For a sequence of articles dealing with the Guantánamo habeas cases, see: Guantánamo and the Supreme Court: the most important habeas corpus case in modern history and Guantánamo and the Supreme Court: What Happened? (both December 2007), The Supreme Court’s Guantánamo ruling: what does it mean? (June 2008), Guantánamo as Alice in Wonderland (Uighurs’ first court victory, June 2008), What’s Happening with the Guantánamo cases? (July 2008), Government Says Six Years Is Not Long Enough To Prepare Evidence (September 2008), From Guantánamo to the United States: The Story of the Wrongly Imprisoned Uighurs (October 2008), Guantánamo Uyghurs’ resettlement prospects skewered by Justice Department lies (October 2008), Guilt By Torture: Binyam Mohamed’s Transatlantic Quest for Justice (November 2008), After 7 Years, Judge Orders Release of Guantánamo Kidnap Victims (November 2008), Is Robert Gates Guilty of Perjury in Guantánamo Torture Case? (December 2008), A New Year Message to Barack Obama: Free the Guantánamo Uighurs (January 2009), The Top Ten Judges of 2008 (January 2009), No End in Sight for the “Enemy Combatants” of Guantánamo (January 2009), Judge Orders Release of Guantánamo’s Forgotten Child (January 2009), How Cooking For The Taliban Gets You Life In Guantánamo (January 2009), Lies, Damned Lies and Statistics (February 2009), Bad News And Good News For The Guantánamo Uighurs (February 2009), The Nobodies Formerly Known As Enemy Combatants (March 2009), Obama’s First 100 Days: A Start On Guantánamo, But Not Enough (May 2009), Judge Condemns “Mosaic” Of Guantánamo Intelligence, And Unreliable Witnesses (May 2009), Pain At Guantánamo And Paralysis In Government (May 2009), Guantánamo: A Prison Built On Lies (May 2009), Free The Guantánamo Uighurs! (May 2009), Guantánamo And The Courts (Part One): Exposing The Bush Administration’s Lies (July 2009), Obama’s Failure To Deliver Justice To The Last Tajik In Guantánamo (July 2009), Obama And The Deadline For Closing Guantánamo: It’s Worse Than You Think (July 2009), How Judge Huvelle Humiliated The Government In Guantánamo Case (Mohamed Jawad, July 2009), As Judge Orders Release Of Tortured Guantánamo Prisoner, Government Refuses To Concede Defeat (Mohamed Jawad, July 2009), Guantánamo As Hotel California: You Can Check Out Any Time You Like, But You Can Never Leave (August 2009), Judge Orders Release From Guantánamo Of Kuwaiti Charity Worker (August 2009). Also see: Justice extends to Bagram, Guantánamo’s Dark Mirror (April 2009), Judge Rules That Afghan “Rendered” To Bagram In 2002 Has No Rights (July 2009).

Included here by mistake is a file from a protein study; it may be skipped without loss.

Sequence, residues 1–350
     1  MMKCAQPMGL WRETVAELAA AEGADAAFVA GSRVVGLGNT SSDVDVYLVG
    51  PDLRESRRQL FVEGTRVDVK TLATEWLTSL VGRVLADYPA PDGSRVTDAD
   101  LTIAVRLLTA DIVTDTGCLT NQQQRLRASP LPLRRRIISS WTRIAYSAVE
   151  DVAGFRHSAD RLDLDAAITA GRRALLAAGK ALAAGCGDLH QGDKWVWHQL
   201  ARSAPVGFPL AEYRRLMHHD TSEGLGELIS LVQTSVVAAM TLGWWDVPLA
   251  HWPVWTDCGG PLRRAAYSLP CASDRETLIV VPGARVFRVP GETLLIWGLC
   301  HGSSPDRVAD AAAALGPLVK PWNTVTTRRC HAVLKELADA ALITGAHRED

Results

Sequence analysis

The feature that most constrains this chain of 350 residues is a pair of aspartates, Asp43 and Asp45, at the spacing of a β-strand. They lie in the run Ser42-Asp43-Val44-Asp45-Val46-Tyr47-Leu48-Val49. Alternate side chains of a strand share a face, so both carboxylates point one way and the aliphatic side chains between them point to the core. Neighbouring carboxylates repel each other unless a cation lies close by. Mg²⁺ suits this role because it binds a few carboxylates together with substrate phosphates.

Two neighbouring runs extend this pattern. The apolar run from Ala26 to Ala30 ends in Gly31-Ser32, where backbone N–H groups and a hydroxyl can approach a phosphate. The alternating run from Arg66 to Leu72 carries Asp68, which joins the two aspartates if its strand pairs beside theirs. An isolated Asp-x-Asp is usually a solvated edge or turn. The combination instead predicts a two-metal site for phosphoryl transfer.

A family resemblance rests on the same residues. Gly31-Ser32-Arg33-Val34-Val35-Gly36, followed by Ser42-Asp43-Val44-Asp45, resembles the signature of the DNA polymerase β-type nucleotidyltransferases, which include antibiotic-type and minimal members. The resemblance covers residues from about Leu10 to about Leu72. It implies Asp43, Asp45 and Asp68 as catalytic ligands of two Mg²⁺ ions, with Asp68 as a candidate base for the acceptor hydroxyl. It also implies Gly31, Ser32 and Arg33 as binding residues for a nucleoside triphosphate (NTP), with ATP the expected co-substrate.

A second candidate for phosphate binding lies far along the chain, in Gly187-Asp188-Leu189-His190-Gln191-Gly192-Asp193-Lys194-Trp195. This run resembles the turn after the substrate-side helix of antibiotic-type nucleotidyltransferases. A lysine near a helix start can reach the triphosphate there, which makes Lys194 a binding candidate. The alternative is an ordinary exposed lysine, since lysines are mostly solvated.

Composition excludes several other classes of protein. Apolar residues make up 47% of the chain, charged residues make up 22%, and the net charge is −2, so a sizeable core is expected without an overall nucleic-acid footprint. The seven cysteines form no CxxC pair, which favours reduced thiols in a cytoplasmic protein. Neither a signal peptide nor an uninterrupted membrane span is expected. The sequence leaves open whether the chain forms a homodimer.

13 Responses

  1. Jerry Northington says...